denly swarmed upon by Red sol-
diers brandishing knives and
"It was not long before every
one of the 100 had been merciless-
"THE COMMUNISTS had per-
formed their deed of death with
the slashing weapons in order to
keep the killings as quiet as pos-
sible and prevent the people of
the city from finding out about
the mass slaughter."
But, the letter continues,
"word of the killings did reach
the city and was spread among
the people. Relatives and friends
of the 900 remaining in the pri-
son, fearing that their beloved
would meet a similar fate,
gathered at the prison gates and
cried: 'Give us back our par-
ents, husbands, brothers and
The prison guards opened fire
on the growing number of people
surrounding the gates. Almost the
entire city came rusing to the
scene. By virtue of their great
number they broke through the
gates and freed the 900 captives.
THE COMMUNISTS set fire to
the prison. And the soldiers then
proceeded to shoot down every
person they could find on the
streets. A reign of terror pre-
vailed in Kwangju.
But then news spread that
UN forces had landed at Inchon
and that there was a drive on
by U.S. Marines in the south
toward the city. The .news put
an end to the Communist mas-
sacre and they hastily with-
drew from the city. Four days
later UN forces entered Kwanju.
But this did not lessen the
anxiety that had filled the stu-
dent as he read the letter. His
father had been one of the most
notable physicians in Kwangju.
Way to Daily
Neither snow nor sleet nor bliz-
zards can stay Daily photograph-
ers from their appointed rounds--
at least, not for long.
But last Saturday's blizzard,
which buried most of Ohio in a
foot or more of snow, came close
to burying The Daily's pictures of
the Ohio State-Michigan punting
exhibition. In fact, the four pic-
tures on this page did not arrive
in Ann Arbor until late Tuesday
* * *
ORIGINALLY, 'Ensian photo-
graphy editor Pete Mann, '51, was
scheduled to take pictures of the
game for both The Daily and the
'Ensian. Mann, however, w a s
stranded in Detroit Saturday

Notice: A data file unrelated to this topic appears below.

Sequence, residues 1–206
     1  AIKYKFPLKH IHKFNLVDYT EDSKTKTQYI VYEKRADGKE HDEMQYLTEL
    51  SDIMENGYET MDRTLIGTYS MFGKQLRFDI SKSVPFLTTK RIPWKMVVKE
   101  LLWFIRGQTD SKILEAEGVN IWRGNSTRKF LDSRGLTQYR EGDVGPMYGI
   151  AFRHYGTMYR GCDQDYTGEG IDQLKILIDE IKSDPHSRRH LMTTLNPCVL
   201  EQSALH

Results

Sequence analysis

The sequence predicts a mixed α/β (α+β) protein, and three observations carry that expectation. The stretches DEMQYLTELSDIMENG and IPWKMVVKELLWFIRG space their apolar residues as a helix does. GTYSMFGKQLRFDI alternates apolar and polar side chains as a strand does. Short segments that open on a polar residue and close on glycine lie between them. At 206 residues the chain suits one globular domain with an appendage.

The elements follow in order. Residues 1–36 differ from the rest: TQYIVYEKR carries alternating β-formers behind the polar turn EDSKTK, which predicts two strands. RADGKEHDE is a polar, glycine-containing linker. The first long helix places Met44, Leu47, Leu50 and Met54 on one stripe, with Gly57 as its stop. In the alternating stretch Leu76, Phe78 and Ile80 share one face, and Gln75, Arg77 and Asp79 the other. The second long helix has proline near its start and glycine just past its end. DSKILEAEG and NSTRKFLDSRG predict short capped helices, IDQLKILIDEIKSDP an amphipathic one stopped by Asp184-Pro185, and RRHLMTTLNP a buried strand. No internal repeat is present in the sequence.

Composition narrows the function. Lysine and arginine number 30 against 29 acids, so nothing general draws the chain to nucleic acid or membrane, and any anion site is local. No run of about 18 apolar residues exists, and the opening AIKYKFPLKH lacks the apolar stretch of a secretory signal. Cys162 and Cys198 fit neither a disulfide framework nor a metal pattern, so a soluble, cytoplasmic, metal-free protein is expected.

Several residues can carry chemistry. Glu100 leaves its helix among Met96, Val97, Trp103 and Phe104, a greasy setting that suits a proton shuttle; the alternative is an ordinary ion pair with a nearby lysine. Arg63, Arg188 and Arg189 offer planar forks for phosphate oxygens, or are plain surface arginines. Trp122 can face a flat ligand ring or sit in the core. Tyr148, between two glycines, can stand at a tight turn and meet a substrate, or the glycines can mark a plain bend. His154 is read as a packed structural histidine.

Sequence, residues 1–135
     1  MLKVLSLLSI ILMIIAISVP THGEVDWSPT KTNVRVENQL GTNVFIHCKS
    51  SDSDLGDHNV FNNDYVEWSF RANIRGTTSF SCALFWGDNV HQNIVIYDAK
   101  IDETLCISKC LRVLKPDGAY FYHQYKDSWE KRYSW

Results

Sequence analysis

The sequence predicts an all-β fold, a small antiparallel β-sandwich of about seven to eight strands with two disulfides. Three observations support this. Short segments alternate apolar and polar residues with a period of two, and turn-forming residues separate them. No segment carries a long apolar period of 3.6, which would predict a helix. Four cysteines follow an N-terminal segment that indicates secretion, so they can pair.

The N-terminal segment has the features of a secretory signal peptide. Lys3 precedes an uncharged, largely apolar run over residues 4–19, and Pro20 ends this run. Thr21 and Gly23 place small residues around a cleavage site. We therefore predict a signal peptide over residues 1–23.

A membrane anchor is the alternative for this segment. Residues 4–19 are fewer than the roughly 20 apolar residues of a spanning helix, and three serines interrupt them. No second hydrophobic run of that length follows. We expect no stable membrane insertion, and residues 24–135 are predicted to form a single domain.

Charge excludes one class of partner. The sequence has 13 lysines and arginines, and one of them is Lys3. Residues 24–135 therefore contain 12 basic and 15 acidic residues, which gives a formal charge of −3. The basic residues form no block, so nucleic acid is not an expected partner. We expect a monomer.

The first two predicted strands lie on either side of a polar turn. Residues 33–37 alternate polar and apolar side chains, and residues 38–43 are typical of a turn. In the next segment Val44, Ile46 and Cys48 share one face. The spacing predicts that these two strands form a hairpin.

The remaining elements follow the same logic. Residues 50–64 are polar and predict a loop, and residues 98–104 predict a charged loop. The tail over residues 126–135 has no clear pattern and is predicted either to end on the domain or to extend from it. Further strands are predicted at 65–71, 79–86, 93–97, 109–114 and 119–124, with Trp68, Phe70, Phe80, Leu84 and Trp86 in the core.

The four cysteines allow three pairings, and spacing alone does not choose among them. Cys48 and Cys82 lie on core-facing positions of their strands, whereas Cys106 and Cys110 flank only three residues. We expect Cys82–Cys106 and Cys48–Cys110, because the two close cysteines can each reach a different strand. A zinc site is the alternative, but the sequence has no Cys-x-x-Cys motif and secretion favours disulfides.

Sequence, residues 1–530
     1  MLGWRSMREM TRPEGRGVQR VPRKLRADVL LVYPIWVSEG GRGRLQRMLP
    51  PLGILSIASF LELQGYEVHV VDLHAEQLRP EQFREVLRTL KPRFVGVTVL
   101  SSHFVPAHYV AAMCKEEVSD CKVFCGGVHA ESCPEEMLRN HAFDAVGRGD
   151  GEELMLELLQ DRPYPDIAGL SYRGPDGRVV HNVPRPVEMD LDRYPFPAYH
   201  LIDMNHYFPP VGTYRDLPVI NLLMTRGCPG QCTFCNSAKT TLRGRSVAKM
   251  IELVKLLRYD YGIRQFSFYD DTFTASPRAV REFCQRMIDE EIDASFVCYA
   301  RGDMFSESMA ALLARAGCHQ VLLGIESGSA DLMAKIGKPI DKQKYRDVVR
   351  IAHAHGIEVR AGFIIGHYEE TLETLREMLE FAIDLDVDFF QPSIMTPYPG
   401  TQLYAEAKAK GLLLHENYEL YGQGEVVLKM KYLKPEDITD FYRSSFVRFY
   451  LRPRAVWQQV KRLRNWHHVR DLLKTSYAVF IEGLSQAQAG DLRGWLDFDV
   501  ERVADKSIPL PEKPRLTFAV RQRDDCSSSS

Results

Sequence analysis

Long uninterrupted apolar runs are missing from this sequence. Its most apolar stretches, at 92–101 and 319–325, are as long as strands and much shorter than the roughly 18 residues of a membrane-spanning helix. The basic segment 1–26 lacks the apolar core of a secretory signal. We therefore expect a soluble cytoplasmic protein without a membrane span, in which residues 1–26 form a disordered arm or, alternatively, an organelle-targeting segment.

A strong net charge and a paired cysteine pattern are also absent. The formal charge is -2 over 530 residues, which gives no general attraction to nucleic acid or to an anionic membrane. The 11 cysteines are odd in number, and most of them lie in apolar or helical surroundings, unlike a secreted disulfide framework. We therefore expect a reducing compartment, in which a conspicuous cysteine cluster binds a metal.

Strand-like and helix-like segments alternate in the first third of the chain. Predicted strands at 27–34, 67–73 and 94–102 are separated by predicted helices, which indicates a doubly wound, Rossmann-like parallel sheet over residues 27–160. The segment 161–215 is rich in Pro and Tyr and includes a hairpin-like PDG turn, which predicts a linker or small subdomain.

morning, and could not even get
to the Willow Run airport where
his plane was grounded.
Daily photography editor Ed
Kozma, '51E, arrived in Colum-
bus at noon on Saturday, expect-
ing to enjoy the game from the
stands. When he found that
Mann was not in town, he im-
mediately contacted OSU ath-
letic publicity director B ill
Snypp and secured a photogra-
pher's sideline pass so that he
could cover the game.
Aided by Daily reporter Leonard
Greenbaum, '52, Kozma managed
to take pictures during the first
half of the game. At half-time, he
found that all further attempts.
.to take pictures were halted by
a screen of ice which coated the
lens of his camera,
So finally you can see these pic-
tures in print. We hope that this
indicates that even The Daily, if
given enough time, can surmount
the obstacles which nature throws
into its path.
- - *
THE DAILY'S FOOTBALL EXTRA IS DISTRIBUTED IN THE OHIO UNION
" 4" ti+ ."G *c.. rz czc+ee_2mcen c +rcr were ccc+oez c+ecx L+eut+et.
222 Nickels Arcade
Phone -91 16
Beau Brummell Ties
Pioneer Belts &
Cooper Jockey Shorts
Wool and Silk Scarfs
lined or unlined
Smithson Suits and
1m A W WI5But as he read on he was relieved
to find out that his father had
suspected the impending fate of
the city's leading citizens and had
fled several days before the
slaughter. He was safe in Pusan
+ ,after escaping from Kwangju and
crossing the UN lines.
a~41t a4Shaw 'Drama
AT Will Continue
BALFO U R'S Shaw's wise and witty comedy,
"Caesar and Cleopatra" will con-
tinue at 8 p.m. today in the Lydia
WOULD YOU LIKE TO DO YOUR CHRISTMAS SHOPPING Criticized by Shaw as "not bad
WHERE THE SALES PERSONNEL IS GENUINELY INTEREST- traces thu e love affair etweenthe
ED IN YOUR GIFT PROBLEMS? WHERE COLLEGE TRAINED two monarchs from Caesar's ar-
Srival in Egypt until his depar-
YOUNG PEOPLE KNOW MICHIGAN TASTES AND PREFt re for Rome.
ERENCES? Tickets for the production are
on sale at the theatre box office.
OUR SHELVES ARE BULGING WITH GIFT ITEMS SELECTED , They sell for $1.20, $.90 and $ar
WILL' ~ Special student rate tickets are
WITH YOU AND YOUR BUDGET IN MIND. WE WILL still available for tonight's per-
WELCOME AN OPPORTUNITY TO SHOW YOU HOW WE formance.
CAN STRETCH A SLIM BANK BALANCE TO COVER ALL
YOUR HOLIDAY PURCHASES. C
Three educational movies will be
NUMBER ONE ON OUR GIFT PARADE- presented at 7:30 p.m. in the
AN OFFICIAL MICHIGAN RING Rackharr Amphitheater under the
auspices of the political science
They are: "General Election,"
depicting the British electoral sys-
9 49. " C O tem; "The Peoples of the Soviet
Union";and a March of Time film,
1319 South University Phone 3-1733 "The Rise of Hitler's Germany."
The pictures are open to the
__ It3 "public.
WOLVERINES HUDDLE AFTER PRE-GAME "WARM-UPS"
BUCKEYE VIC JANOWICZ PLOWS INTO MICHIGAN'S DON DUFEK
Reduced Holiday Trae
Special Train to New York and Points East
Leaving 7:40 Friday, Dec. 22
ALL SEATS RESERVED
Special Coaches on Regular N.Y.C. Trains